Murals by arts groups removed from streets of Tegucigalpa, Honduras
While murals in the most important cities of the world are displayed with pride and people admire the work of "graffiti artists", in the Honduran capital of Tegucigalpa municipal cleanup crews remove these works of art and cover them with grey paint. They arrive in the morning with water and hoses and, based on orders from municipal authorities, the poems and thoughts of the youthful artists disappear.
On 8 March 2015, journalist Cesario Padilla reported in his blog, AbraPalabra, that the most recently destroyed mural was created by the Tegucigalpa Poetic Action (Acción Poética Tegucigalpa, APT) group. The mural was a dedication to women and was destroyed two days before International Women's Day. According to the blog post, Mayor Nasry Asfura is more concerned with road construction than encouraging art among the capital's youth, and has overseen the elimination of murals and graffiti created mostly by university students.
Municipal personnel have said they plan to remove another three murals.
Juan Carlos Montalván, an APT member, said they consider the removal of the murals to be a violation of freedom of expression, noting that the group is concerned that other murals will also be destroyed.
In a November 2014 meeting with municipal officials, APT and another artist's group, ArteCalle, had received assurances that the municipality would not continue to remove the murals. Prior to the meeting, artwork created by ArteCalle had been destroyed.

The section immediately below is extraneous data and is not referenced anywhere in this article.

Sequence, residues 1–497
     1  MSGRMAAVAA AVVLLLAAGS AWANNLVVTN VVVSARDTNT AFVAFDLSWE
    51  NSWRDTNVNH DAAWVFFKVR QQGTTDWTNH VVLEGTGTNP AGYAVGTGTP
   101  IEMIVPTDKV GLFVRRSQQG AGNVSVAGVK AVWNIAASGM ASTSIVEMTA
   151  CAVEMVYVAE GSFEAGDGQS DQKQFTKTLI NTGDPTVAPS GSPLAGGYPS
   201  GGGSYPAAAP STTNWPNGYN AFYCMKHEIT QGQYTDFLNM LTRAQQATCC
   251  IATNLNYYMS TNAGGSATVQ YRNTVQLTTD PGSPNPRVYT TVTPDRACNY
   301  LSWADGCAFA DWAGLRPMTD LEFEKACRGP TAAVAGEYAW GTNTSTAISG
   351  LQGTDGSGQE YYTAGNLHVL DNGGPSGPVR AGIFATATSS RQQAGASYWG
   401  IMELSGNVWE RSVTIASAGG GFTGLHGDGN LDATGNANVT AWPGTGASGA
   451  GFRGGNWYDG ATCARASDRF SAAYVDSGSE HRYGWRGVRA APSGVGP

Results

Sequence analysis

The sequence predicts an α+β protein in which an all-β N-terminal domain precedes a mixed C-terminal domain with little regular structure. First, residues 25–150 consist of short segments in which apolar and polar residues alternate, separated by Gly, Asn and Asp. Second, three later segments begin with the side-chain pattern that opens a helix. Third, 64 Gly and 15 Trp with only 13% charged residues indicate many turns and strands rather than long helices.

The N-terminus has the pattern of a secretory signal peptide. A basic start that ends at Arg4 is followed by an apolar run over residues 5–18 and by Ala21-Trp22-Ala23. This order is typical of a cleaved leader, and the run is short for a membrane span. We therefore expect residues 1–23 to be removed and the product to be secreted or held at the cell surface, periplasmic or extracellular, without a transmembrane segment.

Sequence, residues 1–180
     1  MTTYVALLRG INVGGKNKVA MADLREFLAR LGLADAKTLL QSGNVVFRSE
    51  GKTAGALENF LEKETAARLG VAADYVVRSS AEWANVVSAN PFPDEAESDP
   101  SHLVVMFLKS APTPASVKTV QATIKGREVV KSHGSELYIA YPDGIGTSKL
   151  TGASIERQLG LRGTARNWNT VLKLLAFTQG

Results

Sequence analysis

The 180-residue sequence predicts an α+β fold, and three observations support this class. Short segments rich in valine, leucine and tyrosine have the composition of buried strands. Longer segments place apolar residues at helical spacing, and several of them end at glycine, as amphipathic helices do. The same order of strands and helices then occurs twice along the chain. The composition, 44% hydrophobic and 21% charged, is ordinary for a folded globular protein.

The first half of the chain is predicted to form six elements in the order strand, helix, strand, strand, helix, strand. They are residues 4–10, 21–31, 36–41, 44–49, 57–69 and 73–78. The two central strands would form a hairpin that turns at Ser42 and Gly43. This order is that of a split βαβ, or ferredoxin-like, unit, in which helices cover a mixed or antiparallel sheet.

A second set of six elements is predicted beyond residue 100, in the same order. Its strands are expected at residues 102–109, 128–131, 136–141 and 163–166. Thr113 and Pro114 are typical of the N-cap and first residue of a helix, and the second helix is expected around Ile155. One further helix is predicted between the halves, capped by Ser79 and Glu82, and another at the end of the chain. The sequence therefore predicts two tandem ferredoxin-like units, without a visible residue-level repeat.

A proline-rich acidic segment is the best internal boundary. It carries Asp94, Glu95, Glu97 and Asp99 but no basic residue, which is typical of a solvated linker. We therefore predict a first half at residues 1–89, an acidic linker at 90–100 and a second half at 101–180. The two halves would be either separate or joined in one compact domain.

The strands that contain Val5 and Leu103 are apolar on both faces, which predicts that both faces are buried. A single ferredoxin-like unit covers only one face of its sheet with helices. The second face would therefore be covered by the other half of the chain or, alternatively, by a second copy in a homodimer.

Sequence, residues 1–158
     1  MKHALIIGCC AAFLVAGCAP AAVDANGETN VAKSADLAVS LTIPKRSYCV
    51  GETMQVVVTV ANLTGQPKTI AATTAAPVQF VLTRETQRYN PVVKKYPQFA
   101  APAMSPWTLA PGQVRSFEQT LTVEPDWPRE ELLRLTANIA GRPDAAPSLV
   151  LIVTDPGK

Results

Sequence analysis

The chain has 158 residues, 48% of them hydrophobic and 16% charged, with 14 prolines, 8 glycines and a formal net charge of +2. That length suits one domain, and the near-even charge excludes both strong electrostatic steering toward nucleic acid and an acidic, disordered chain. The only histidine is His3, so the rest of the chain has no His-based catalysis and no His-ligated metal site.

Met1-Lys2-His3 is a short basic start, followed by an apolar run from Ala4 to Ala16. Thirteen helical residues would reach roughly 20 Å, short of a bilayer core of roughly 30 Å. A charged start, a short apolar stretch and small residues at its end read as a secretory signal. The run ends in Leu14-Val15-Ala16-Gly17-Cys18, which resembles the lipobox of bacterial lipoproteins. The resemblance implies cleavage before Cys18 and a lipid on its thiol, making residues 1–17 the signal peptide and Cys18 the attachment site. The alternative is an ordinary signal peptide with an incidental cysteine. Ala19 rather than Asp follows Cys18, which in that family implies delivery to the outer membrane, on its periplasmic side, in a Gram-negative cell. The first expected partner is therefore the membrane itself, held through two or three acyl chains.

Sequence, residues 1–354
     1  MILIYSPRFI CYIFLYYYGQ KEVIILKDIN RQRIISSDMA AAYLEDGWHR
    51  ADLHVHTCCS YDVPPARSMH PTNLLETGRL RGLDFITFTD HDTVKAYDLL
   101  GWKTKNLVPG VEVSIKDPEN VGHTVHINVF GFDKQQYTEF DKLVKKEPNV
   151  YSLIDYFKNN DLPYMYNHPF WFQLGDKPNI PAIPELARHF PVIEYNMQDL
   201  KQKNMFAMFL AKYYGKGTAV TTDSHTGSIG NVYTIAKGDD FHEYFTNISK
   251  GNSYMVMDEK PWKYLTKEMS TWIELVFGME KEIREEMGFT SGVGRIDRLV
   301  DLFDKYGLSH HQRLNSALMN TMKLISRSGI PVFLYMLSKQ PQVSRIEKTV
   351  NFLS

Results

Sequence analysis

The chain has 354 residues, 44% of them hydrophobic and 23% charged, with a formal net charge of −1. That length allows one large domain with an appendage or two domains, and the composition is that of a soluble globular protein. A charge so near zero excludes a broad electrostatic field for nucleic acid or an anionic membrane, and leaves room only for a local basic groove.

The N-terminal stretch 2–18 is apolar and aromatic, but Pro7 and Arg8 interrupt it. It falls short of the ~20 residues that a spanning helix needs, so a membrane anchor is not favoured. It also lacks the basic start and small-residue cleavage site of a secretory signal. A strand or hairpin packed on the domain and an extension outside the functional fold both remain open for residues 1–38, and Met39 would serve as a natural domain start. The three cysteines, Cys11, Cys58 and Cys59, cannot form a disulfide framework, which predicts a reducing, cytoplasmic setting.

One of APT's founders, Linda del Cid, said that when they are creating the murals they are often harassed and have even been threatened with arrest by National Police officers. Padilla's blog post quotes del Cid saying, "One time they wanted to detain us for refusing to stop creating the mural, even though we had the backing of local residents."
In November 2014, El Heraldo newspaper reported that the local authorities had issued a statement to the effect that they would begin cleanup work and painting on vehicular and pedestrian bridges in the capital as a municipal improvement measure. The El Heraldo article noted that these areas "had for months been covered with graffiti and other messages that contributed nothing to the education and good standing of the capital's residents and, as such, municipal crews would begin cleaning the walls and covering them with a coat of grey paint."